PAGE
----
Baptists and the American Civil War: May 6, 1861

Little Rock, Arkansas, 1861Arkansas, 25 years old as a state, is on the frontier of the American South. Fort Smith, existent thanks to the U.S. military, represents both the frontier status of the state and the high degree of dependence that Arkansas has upon the federal government.

To the west, especially in the Ozarks, dwell white families who largely migrated from neighboring upper South states. Food crops and livestock are common in this part of Arkansas. Slavery is not common compared to much of the Deep South, and white citizens are less concerned with President Abraham Lincoln’s policies than are many other white southerners.

Down south in the Delta, meanwhile, many white Arkansans hail from the Deep South states of Mississippi, Louisiana and Arkansas. Slavery is common, thanks to the preponderance of cotton.

Baptists have been present in Arkansas for almost four decades, with the Arkansas Baptist Convention having been organized in 1848. Like other Arkansans, Baptists in the months prior to the war were divided between Union and Confederate loyalties.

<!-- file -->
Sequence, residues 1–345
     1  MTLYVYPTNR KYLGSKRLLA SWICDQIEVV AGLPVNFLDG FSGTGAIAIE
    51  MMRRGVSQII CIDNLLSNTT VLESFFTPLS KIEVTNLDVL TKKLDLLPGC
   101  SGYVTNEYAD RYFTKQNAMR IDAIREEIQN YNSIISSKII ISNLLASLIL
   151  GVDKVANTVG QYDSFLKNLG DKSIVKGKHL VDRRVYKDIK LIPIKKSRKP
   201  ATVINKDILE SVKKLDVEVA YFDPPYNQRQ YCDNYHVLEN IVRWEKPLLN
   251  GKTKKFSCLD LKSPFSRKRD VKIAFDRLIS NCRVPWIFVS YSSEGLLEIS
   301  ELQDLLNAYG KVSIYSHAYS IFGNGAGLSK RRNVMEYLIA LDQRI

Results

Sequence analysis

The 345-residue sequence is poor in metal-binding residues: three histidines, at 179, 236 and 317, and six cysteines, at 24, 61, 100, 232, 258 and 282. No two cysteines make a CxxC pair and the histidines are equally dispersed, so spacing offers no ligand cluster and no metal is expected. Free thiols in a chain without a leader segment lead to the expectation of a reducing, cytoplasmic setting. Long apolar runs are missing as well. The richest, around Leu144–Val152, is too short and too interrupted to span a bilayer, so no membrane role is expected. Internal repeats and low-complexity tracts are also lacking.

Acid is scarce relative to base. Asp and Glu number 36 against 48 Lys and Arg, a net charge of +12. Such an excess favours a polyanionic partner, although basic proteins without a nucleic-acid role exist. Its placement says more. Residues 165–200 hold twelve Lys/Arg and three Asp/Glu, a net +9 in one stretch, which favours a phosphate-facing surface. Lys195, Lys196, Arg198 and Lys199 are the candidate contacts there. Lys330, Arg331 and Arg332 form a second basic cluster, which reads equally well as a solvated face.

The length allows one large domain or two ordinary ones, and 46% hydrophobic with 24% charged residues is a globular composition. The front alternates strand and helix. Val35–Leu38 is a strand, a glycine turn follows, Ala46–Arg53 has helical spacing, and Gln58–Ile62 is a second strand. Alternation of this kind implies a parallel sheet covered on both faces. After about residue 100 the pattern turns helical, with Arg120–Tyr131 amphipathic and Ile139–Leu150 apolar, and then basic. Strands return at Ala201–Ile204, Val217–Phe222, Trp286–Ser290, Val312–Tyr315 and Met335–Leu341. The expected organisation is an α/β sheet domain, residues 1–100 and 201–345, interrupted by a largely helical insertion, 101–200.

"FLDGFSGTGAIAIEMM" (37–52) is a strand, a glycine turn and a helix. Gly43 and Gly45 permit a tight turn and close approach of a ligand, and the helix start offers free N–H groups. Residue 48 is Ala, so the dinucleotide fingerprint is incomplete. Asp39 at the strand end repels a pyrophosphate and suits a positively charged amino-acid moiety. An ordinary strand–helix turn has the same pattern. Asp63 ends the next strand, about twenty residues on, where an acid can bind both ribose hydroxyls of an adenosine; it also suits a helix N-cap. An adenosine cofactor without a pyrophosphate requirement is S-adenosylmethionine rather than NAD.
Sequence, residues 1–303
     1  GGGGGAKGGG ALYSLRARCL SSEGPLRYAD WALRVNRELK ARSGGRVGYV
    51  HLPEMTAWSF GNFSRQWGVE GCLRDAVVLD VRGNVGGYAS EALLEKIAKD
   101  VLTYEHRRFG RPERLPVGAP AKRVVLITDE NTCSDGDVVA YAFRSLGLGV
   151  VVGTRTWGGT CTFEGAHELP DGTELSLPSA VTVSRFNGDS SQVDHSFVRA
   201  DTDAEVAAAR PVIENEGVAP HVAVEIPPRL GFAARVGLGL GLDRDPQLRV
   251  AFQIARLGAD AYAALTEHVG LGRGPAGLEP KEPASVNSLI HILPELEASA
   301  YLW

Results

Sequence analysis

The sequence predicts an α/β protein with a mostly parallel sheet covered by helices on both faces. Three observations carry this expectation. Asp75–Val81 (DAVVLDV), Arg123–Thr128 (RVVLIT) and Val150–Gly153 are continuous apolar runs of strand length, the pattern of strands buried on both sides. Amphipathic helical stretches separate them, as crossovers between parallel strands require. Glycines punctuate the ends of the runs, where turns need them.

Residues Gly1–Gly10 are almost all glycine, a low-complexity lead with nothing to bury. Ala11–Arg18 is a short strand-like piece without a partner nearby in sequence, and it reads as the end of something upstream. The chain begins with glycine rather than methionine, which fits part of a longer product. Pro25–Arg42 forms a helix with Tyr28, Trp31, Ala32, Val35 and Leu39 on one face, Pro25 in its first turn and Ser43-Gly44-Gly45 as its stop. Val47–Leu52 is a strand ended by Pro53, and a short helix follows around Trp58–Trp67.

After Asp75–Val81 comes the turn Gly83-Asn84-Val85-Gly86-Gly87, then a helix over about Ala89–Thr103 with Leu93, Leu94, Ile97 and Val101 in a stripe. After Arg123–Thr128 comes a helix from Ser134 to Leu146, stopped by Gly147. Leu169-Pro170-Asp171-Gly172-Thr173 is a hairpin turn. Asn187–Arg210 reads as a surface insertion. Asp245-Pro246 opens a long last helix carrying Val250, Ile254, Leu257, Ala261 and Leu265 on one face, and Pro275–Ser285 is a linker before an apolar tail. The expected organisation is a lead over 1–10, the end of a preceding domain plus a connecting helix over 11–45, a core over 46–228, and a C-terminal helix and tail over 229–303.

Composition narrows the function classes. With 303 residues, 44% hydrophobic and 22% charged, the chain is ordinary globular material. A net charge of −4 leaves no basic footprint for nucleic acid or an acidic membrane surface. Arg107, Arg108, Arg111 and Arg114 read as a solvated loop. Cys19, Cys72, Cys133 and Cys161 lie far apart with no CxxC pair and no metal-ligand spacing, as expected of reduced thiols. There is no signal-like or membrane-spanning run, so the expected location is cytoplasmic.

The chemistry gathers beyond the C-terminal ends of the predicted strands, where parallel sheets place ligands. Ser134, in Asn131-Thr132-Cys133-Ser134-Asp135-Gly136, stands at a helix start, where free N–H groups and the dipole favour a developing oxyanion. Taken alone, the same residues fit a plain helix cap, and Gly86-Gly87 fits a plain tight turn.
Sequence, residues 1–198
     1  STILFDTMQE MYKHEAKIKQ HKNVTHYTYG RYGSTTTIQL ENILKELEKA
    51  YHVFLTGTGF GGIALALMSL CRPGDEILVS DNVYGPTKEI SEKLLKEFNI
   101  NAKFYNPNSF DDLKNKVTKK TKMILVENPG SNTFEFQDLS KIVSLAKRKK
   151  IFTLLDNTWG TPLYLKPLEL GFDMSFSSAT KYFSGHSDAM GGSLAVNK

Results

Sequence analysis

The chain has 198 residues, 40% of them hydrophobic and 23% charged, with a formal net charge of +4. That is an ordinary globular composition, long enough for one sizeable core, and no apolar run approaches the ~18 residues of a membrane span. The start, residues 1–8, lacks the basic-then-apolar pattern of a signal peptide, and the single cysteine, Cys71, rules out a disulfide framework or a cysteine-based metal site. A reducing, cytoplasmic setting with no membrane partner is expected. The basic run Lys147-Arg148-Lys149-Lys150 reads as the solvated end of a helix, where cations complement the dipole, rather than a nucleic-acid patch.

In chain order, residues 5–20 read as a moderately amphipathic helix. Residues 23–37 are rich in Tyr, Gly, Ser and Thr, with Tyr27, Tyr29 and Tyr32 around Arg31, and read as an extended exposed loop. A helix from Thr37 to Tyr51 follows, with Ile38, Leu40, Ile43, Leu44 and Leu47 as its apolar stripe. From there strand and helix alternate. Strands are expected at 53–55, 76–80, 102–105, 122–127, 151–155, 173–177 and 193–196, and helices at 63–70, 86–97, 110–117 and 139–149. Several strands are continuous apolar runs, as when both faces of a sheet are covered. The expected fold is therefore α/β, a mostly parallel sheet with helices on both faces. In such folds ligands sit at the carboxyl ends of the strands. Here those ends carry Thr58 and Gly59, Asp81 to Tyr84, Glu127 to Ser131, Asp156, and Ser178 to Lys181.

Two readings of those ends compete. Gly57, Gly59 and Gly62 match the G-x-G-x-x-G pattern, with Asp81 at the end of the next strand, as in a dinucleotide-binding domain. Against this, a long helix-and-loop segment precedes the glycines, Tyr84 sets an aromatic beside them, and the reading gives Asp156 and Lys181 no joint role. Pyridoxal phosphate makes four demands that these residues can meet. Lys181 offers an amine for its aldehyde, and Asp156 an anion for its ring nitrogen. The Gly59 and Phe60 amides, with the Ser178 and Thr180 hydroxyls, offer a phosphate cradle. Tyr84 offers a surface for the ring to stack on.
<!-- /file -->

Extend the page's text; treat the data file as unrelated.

Union sentiment in the state until recently had called into question whether Arkansas might split apart over the issue of war and slavery. Yet the Confederate seizure of Fort Sumter mere weeks ago turned many Unionists into secessionists, and today state convention delegates vote overwhelmingly to become the ninth southern state to join the Confederacy.

Arkansas’ story, similar to that of Virgina, reflects the importance that Fort Sumter played in the consolidation of additional southern states into the Confederacy. When the North fired upon the South at Sumter – even though the South fired first – many southern Unionists felt compelled to support the South out of regional loyalty.

Source: A brief analysis of Arkansas in 1861 (link); illustration of Little Rock in 1861 (link)